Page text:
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David Porter, born 1 February 1780 at Boston, Mass., served in the Quasi War with France first as midshipman on board Constellation, participating in the capture of L’Insurgente 9 February 1799; secondly, as 1st lieutenant of Experiment and later in command of Amphitrite. During the Barbary Wars (1801–07) Porter was 1st lieutenant of Enterprise, New York and Philadelphia and was taken prisoner when Philadelphia ran aground in Tripoli harbor 31 October 1803. After his release 3 June 1805 he remained in the Mediterranean as acting captain of Constitution and later captain of Enterprise. He was in charge of the naval forces at New Orleans 1808–10. As commander of Essex in the War of 1812, Captain Porter achieved fame by capturing the first British warship of the conflict, Alert, 13 August 1812 as well as several merchantmen. In 1813 he sailed Essex around Cape Horn and cruised in the Pacific warring on British whalers. On 28 March 1814 Porter was forced to surrender off Valpariso after an unequal contest with the frigates HBMS Phoebe and Cherub and only when his ship was too disabled to offer any resistance. From 1815 to 1822 he was a member of the Board of Navy Commissioners but gave up this post to command the expedition for suppressing piracy in the West Indies 1823–25. Commodore Porter resigned his commission in 1826 and became the commander-in-chief of the Mexican Navy 1826–29. He died on 3 March 1843 while U.S. Minister of Turkey.


His son, David Dixon Porter, was born in Chester, Pa., 8 June 1813. He served in the Mediterranean as a midshipman on board Constellation (1829–31), United States and Delaware (1832–34), and as a lieutenant on board Congress (1842–45). During the Mexican War he was attached to the Home Squadron in Spitfire and was present at the two attacks on Vera Cruz. Porter served with distinction in the Civil War, rising from lieutenant to rear admiral in two years. In April 1861 he reinforced Fort Pickens, Fla. in Powhatan and remained off the Florida coast until December. He then assumed command of the Mortar Flotilla under Farragut with the rank of commander and took Forts Jackson and St. Philip, April 1862, in the New Orleans campaign. He served with the flotilla until July 1862, cooperating with Farragut in his operations on the Mississippi from New Orleans to Vicksburg. While commanding the Mississippi Squadron as acting rear admiral from October 1862 to September 1864, Porter assisted Sherman in the capture of Arkansas Post (January 1863), bombarded the Grand Gulf batteries (May 1863), rendered invaluable aid to Grant in the reduction of Vicksburg (June–July 1863), and gained control of the Western Rivers during four expeditions in late 1863. He was next ordered to command the North Atlantic Blockading Squadron and led the two attacks on Fort Fisher, N.C., 24 December 1864 and 13 January 1865, when the works were carried. For his Civil War service Porter received, on four occasions, votes of thanks from Congress and was promoted to vice admiral in 1866. He was Superintendent of the U.S. Naval Academy from 1866 to 1869. Porter was appointed admiral in 1870 becoming the senior ranking officer of the Navy, From 1877 until his death 13 February 1891 he served as Head of the Board of Inspection at Washington, D.C.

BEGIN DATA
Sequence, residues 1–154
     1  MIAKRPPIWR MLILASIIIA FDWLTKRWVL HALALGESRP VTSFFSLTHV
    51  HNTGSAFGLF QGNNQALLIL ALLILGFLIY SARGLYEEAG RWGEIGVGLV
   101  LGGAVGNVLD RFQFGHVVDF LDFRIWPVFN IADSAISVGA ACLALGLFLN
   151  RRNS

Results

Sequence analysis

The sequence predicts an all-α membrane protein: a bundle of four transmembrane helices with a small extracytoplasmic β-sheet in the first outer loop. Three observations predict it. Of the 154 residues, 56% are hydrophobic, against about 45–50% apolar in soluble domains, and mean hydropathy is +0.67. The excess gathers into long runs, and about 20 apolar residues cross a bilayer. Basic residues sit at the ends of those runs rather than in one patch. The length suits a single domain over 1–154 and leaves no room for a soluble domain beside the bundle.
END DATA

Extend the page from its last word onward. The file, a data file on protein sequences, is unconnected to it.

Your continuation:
(DD–59: dp. 1,205; l. 315’3”; b. 29’11”; dr. 9’4”; s. 29 k.; cpl. 133; a. 4 4”, 4 21 tt.; cl. Tuckee)


The second Porter (DD–59) was laid down by William Cramp and Sons, Philadelphia, Penn., 24 February 1914; launched 26 August 1915; sponsored by Miss Georgiana Porter Cusachs; and commissioned 17 April 1916, Lt. Comdr. Ward K. Wortman in command.


After shakedown in the Caribbean, Porter sailed in convoy 24 April 1917 escorting the first U.S. troops to Europe. She


arrived at Queenstown, Ireland, 4 May, where she was based during World War I, meeting and escorting convoys from the U.S. as they entered the war zone. Kept busy as a convoy escort, she severely damaged U–108, 28 April 1918, while the German submarine was steaming to intercept a convoy. Operating from Brest after 14 June, she returned to the United States at the end of the war.


After World War I Porter operated off the East Coast and was decommissioned 23 June 1922. Transferred to the Coast Guard, 7 June 1924, she was returned to the Navy 30 June 1933, and disposed of by scrapping under the terms of the 1930 London Treaty for Limitation of Armament the following year. Her name was struck from the Navy List 5 July 1934 and her materials were sold 22 August 1934.